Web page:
How to Estimate Roofing Jobs - Pro Construction Guide
How to Estimate Roofing Jobs

How to Estimate Roofing Jobs

To estimate roofing jobs, follow these steps to quickly and accurately calculate roofing materials, often without getting on the roof.

Contractors often provide estimates and quotes that don’t result in actual work. The homeowner was either simply “doing research” or made decisions with a different quote. In the case of roofing jobs, this can amount to countless hours of calculation, driving back and forth to potential jobsites, and even climbing onto and down from roofs where you never actually do any work.

Finding roof slope with a level and tape measure.

Finding roof slope with a level and tape measure. In this photo, divide the measurement in half to determine slope, because the measurement is taken off the end of a 2-foot level.

You can accomplish to estimate roofing jobs quite easily from the ground, over the phone or via email, if the homeowner can supply you with a few simple dimensions and pictures. Complicated roofs still may require you to climb up and take exact measurements of features, such as valleys, sidewalls, chimneys and dormers, or to inspect for rot or damage. However, most of the times you can estimate roofing jobs from the ground using the following steps.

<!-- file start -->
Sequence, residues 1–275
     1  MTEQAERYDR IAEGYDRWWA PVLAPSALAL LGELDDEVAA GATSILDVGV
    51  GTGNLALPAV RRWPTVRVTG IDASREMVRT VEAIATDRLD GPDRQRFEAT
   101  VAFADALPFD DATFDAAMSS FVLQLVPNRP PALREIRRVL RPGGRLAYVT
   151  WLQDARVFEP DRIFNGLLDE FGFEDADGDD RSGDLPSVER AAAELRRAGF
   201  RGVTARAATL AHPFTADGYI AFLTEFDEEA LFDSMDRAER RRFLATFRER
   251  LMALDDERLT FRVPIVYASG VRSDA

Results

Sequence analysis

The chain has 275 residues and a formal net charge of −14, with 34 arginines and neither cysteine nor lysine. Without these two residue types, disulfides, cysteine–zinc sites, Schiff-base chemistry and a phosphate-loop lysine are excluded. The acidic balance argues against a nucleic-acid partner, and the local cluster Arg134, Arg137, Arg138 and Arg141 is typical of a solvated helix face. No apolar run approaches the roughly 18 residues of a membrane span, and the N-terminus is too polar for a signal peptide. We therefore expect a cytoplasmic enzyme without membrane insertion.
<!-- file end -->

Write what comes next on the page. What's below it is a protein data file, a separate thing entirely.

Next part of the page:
Measure the home and calculate roof slope

Draw a simple roof diagram, marking all pitch changes, valleys, ridge and hip lines, chimneys, vent pipes and other penetrations. Then measure all exterior wall sections from corner to corner, adding in any roof overhangs or bump outs. Put these dimensions in place on the diagram.

Next, calculate the roof slope, which is typically defined in inches. Some customers will know the roof slope and can supply it to you, but determining the slope yourself is easy. Unless there is a low-hanging roof eave, you may have to get on a ladder and work with a 1- or 2-foot level. Place one end of the level on the roof and level it horizontally. Then measure straight down from the end of the level in the air to the roof surface. The measurement in inches is the roof slope if you are using a 1-foot level. With a 2-foot level, divide that measurement in half to determine slope (14 inches from the level to the roof with a 2-foot level results in a 7-inch slope).